Omnibus claims are claims that define the scope of the invention by referring generally to the description or drawings included in the patent application, rather than by reciting specific technical features. For example:
“A method substantially as herein described” or “A product as shown in any one of Figures 1 to 3.”
The scope of such claims can be very unclear, causing third parties great uncertainty as to what constitutes an infringement of such claims. It is possible to argue that they cover a specific embodiment of the invention and are therefore very narrow in scope. On the other hand, it could also be argued that such claims protect any subject matter disclosed in the description, including that not covered by the other claims of the patent.
Omnibus claims are not permitted in many territories and do not meet the requirements of the European Patent Convention (EPC) or of the International Patent Cooperation Treaty (PCT). However, they have historically been allowed in the United Kingdom, but this is now set to change.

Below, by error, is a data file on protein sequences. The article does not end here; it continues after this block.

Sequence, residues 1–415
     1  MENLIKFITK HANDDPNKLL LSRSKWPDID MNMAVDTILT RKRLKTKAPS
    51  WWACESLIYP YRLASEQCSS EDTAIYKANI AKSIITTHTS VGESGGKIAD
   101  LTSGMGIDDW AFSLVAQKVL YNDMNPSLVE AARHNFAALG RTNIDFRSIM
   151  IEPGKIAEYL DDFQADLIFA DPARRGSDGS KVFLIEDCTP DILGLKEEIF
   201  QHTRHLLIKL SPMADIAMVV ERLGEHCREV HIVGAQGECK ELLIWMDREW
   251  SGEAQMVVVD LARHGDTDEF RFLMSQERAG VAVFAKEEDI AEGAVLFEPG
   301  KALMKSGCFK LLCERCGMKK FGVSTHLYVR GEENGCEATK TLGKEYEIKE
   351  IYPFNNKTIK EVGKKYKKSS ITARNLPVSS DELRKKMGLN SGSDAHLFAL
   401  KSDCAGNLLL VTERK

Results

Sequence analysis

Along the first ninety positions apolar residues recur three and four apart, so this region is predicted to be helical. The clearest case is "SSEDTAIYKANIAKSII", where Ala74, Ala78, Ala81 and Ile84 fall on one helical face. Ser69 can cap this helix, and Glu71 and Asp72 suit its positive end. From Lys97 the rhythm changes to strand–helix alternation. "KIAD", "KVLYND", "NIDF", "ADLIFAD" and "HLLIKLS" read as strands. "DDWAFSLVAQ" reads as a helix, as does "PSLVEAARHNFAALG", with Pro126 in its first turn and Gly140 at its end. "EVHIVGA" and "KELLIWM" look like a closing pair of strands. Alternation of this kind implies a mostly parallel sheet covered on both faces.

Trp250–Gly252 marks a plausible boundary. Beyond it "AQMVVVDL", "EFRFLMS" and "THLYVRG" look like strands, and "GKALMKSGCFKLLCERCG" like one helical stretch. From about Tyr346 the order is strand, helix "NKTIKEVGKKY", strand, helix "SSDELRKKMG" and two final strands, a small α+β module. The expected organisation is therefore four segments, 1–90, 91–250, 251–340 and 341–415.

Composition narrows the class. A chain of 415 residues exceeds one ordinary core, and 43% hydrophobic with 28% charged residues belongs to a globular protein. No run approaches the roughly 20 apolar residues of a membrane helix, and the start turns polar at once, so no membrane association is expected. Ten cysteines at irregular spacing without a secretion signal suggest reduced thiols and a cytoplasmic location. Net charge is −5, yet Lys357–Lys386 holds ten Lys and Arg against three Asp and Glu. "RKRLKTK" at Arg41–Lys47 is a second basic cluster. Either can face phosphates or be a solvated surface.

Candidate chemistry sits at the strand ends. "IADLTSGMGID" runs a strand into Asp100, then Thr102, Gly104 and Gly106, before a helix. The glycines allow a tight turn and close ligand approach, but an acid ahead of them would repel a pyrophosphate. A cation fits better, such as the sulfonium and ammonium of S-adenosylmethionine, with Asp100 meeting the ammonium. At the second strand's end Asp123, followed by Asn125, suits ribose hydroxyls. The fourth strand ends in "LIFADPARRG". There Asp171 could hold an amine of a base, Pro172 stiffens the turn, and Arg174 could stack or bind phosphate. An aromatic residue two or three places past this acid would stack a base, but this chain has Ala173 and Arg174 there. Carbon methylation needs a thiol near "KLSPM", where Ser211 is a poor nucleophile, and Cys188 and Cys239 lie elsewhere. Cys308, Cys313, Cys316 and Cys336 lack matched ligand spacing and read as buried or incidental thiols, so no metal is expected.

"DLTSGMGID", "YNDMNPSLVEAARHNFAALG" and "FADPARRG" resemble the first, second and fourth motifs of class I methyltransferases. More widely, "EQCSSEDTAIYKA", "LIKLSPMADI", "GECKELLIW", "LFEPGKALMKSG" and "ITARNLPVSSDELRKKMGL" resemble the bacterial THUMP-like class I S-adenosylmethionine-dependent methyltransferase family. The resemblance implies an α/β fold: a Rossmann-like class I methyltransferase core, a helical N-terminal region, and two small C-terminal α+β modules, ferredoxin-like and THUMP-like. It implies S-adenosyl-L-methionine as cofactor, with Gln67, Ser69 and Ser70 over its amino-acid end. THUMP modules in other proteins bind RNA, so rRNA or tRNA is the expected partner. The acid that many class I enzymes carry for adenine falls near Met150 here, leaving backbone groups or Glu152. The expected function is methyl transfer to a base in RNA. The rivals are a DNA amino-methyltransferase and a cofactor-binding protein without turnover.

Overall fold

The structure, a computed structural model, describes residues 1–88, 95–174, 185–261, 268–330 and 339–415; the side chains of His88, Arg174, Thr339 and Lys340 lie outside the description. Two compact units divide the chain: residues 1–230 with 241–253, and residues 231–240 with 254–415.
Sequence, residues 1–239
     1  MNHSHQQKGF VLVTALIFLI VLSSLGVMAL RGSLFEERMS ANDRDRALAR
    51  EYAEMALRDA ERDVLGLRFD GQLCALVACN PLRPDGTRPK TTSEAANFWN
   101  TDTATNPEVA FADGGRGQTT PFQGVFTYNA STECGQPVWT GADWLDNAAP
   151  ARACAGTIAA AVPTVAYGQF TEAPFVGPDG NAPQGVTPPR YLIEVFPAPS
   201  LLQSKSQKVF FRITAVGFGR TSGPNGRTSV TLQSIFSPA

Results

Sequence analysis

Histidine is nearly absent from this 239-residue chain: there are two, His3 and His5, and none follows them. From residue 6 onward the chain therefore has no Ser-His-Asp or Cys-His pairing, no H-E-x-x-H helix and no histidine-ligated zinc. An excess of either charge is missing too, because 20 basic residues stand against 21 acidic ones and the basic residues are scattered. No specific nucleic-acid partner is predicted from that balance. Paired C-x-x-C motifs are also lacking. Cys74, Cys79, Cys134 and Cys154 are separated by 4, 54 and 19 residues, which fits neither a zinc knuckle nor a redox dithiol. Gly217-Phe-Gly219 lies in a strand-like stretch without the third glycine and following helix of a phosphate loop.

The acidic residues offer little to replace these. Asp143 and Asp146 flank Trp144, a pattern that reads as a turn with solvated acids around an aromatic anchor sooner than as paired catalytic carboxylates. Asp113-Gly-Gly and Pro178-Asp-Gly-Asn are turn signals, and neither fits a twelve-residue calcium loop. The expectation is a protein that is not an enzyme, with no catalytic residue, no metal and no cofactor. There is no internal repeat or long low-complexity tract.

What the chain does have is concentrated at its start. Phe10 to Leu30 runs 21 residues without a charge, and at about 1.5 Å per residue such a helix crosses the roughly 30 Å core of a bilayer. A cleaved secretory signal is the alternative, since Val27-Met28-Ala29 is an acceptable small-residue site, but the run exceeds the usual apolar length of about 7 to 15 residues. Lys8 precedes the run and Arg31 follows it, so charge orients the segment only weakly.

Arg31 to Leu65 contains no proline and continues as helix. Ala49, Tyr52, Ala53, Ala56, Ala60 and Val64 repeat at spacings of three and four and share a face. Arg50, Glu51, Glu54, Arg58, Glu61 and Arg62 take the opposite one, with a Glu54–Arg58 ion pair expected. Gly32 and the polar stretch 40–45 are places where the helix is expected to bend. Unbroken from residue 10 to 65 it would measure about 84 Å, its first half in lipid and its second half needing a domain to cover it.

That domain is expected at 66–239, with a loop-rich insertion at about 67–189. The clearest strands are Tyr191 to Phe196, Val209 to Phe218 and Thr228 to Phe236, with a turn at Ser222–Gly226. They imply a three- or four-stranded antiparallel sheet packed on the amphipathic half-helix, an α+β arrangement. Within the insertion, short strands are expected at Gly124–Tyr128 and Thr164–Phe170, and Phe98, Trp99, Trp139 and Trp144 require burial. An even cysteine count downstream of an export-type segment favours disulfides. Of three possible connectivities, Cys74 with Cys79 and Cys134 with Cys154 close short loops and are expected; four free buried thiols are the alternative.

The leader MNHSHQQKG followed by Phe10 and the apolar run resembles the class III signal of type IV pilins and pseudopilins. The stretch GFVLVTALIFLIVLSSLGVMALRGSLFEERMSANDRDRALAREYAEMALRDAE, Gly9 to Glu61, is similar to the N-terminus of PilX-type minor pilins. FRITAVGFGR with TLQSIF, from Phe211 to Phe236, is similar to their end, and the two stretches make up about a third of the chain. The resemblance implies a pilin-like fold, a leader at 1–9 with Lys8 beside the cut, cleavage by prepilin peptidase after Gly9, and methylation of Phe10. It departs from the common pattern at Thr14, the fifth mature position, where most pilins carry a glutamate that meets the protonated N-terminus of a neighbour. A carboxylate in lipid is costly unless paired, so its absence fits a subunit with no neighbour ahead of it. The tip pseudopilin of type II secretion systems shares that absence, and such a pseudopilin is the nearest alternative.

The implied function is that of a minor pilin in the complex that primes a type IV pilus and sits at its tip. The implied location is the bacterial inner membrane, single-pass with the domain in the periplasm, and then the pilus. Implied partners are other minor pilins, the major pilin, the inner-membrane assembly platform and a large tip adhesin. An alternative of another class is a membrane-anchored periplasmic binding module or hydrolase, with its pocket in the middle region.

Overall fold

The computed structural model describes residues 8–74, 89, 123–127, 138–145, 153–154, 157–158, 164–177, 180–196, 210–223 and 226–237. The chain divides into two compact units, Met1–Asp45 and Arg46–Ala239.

From 6 April 2017, omnibus claims will only be permitted in a UK patent application if the technical features of the invention cannot otherwise be clearly and concisely defined. Specifically, the amended rule states:
“The claim or claims must not rely in respect of the technical features of the invention on references to the description or any drawing or photograph unless the feature cannot otherwise be clearly defined in words, by a mathematical or chemical formula or by any other written means.”
As a result, examiners of the UK Intellectual Property Office (UKIPO) will object to omnibus claims in pending applications. It will also no longer be possible to amend a granted patent to add an omnibus claim. However the presence of an omnibus claim in a granted patent will not be a ground for revocation and any granted patents including such claims will remain valid.